January 14, 2019

Stock Caps In Index Funds

Last week, SEBI made a groundbreaking announcement, defining the criteria for an equity index to be eligible for being tracked by an index fund or an ETF.  Among other things, it capped the weight of a single stock in such an index at 25% (35% in the case of a sectoral/ thematic index). It also capped the combined weight of the top three constituents in such an index at 65%.  I may be wrong but I don’t think that there is any precedent worldwide for such a regulatory intervention.  In this post, I share my initial thoughts on this.

2018 was a very good year for those rooting for index funds and ETFs in India.  For the first time since 2013, a comparable ETF (actually, 3 ETFs) gave a higher return than any actively managed, diversified, domestic equity fund.  And almost all actively managed, large cap funds underperformed the BSE Sensex and Nifty 50 (in terms of returns).  However, there were some uncomfortable questions that lurked beneath the surface.  For instance, were it not for the superlative returns of a handful of stocks, would such outperformance by index funds and ETFs been possible?  And how was one to look at the fact that there was a difference of over 2.5% in the returns of the best performing and worst performing Nifty 50 index funds?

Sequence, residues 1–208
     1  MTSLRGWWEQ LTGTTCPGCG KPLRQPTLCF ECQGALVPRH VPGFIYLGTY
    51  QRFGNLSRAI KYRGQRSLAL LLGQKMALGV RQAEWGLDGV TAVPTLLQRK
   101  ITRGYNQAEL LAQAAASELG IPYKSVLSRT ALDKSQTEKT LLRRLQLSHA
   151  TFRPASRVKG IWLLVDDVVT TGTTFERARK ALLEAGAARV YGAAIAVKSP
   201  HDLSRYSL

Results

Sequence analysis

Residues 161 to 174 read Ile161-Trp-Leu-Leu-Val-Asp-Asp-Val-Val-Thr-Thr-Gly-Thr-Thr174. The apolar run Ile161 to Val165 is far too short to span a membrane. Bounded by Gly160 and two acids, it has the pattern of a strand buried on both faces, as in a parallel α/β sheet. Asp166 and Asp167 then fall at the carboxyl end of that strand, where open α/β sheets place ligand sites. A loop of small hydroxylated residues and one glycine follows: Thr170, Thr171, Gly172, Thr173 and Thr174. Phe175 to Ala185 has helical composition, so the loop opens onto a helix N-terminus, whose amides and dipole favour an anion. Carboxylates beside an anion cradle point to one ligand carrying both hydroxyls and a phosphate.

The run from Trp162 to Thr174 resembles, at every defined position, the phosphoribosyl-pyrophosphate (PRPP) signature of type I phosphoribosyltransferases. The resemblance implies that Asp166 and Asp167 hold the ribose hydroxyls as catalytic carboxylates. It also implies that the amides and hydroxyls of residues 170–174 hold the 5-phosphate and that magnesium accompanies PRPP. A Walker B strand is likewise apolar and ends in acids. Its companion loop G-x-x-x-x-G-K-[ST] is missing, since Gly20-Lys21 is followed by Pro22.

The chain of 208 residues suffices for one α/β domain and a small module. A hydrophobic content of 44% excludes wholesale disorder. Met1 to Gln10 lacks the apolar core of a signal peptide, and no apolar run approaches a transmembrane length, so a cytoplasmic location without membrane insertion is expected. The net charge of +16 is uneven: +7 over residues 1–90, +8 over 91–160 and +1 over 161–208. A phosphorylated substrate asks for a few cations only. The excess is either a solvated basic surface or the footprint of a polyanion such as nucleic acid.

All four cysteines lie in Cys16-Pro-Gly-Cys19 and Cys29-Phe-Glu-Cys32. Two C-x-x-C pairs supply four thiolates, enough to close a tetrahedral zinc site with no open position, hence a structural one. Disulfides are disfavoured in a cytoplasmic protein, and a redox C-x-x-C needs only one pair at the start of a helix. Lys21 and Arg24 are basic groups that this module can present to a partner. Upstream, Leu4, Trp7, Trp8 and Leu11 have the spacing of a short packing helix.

There were also questions about the construction and maintenance of indices.  For example, what was one to make of the massive churn that some indices went through?  By my count, in April last year, the Nifty Midcap 100 had 46 of its constituents changed at one go while the Nifty Smallcap 100 had 55 of its constituents changed at one go.

Read more at http://mfcritic.blogspot.com/2019/01/stock-caps-in-index-funds.html

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